Military


LHA-1 Tarawa class

The primary war-fighting mission of the LHA-1 Tarawa class is to land and sustain United States Marines on any shore during hostilities. The ships serve as the centerpiece of a multi-ship Amphibious Readiness Group (ARG). Some 3,000 Sailors and Marines contribute to a forward-deployed ARG composed of approximately 5,000 personnel. Nearly three football fields in length and 20 stories high, the ship's two-acre flight deck, 18,519 square-foot hangar deck, and 250-foot well deck enable an embarked landing force to accomplish its mission around the globe.

The ships are designed to maintain what the Marine Corps calls "tactical integrity" - getting a balanced force to the same place at the same time. One LHA can carry a complete Marine battalion, along with the supplies and equipment needed in an assault, and land them ashore by either helicopter or amphibious craft. This two pronged capability, with emphasis on airborne landing of troops and equipment, enables the Navy and Marine Corps to fulfill their present-day mission. Whether the landing force is involved in an armed conflict, acting as a deterrent force in an unfavorable political situation or serving in a humanitarian mission, the class offers tactical versatility.

The Tarawa class is designed to operate independently or as a unit of a force, as a flagship or individual ship unit in both air and/or surface assaults, these ships are key elements of the amphibious assault forces for the Navy. They incorporate the best design features and capabilities of several amphibious assault ships currently in service: the Amphibious Assault Ship (LPH), Amphibious Transport Dock (LPD), Amphibious Cargo Ship (LKA), and Dock Landing Ship (LSD).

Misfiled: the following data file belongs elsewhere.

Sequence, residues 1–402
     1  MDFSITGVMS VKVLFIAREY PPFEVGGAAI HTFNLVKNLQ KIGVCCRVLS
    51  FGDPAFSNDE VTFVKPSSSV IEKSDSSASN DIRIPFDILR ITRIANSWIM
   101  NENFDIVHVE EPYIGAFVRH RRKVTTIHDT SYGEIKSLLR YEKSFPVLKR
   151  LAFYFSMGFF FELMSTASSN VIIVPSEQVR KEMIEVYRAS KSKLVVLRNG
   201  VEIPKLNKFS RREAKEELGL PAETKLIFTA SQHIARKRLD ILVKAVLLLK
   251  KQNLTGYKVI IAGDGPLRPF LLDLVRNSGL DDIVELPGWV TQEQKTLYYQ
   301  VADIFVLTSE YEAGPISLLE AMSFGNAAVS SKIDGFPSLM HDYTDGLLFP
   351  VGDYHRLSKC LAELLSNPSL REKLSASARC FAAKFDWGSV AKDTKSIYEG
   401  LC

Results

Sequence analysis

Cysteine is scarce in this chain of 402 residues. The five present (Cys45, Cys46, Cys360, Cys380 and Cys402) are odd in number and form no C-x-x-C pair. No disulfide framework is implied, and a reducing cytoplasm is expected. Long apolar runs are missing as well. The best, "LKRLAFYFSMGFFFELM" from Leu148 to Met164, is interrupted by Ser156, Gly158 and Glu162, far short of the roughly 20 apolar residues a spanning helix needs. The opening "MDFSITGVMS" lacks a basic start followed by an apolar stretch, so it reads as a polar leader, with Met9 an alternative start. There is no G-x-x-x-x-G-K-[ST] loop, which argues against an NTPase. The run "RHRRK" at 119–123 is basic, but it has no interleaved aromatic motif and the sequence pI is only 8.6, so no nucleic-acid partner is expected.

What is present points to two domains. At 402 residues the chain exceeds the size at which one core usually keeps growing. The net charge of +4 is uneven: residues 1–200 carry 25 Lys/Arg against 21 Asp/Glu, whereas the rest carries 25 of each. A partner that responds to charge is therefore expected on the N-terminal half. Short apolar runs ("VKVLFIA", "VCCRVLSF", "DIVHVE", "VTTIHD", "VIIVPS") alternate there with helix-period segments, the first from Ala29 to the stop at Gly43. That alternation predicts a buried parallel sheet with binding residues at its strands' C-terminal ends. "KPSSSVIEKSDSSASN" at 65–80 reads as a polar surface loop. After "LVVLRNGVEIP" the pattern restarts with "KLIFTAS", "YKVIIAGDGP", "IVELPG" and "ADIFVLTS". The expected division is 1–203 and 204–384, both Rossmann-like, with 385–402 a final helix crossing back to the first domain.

These ships have the general profile of an aircraft carrier, with superstructure to starboard, flight deck with nine landing spots, helicopter elevators to port (20-ton, folding) and aft (40-ton). They carry approximately 1,200 tons JP-5 fuel for helicopters. They can support a 35-aircraft complement including AV-8B fighter/attack V/STOL Harrier jets, AH-1 helicopter gunships, CH-53E Super Sea Stallion "heavy lift" and CH-46D/E Sea Knight helicopters. The LHA's full length flight deck can handle ten helicopters simultaneously, as well as the AV-8 HARRIER jump-jet aircraft and OV-10 BRONCO fixed-wing turboprop reconnaissance aircraft [which is no longer in service]. LHA-1 carried 20 AV-8B Harrier V/STOL attack fighters during Operation Desert Storm in 1991.

There is also a large well deck in the stem of the ship for a number of amphibious assault craft, both displacement hull and air cushion. The well deck accomodates up to four LCU 1610 or one LCAC or 7 LCM(8) or 17 LCM(6) landing craft. Two LCM(6) and two LCP are stowed on a platform abaft the island. As an amphibious assault launching platform, they employ a variety of surface assault craft including the Navy's newest 40+ knot LCAC, 135-foot Landing Craft Utility (LCU), and other amphibious assault vehicles. Although the LHA usually doesn't carry Landing Craft, Air Cushioned (LCAC) boats onboard, they frequently operate with them and control them.

The ships have an extensive mechanical system for vertical and horizontal movement of containerized and palletized supplies from deep cargo holds to assault craft or helicopters. A system of five centerline elevators, conveyor lines and a monorail system move cargo and supplies. Two large elevators, one aft and one portside, move aircraft and equipment from the hangar deck to the flight deck. Wheeled vehicles, trucks, jeeps and tanks can be driven or pulled from any deck level storage position via inclined ramps to either awaiting craft in the well deck or helicopters on the flight deck. They function as an assault provisions carrier able to sustain embarked forces with fuel, ammunition and other supplies.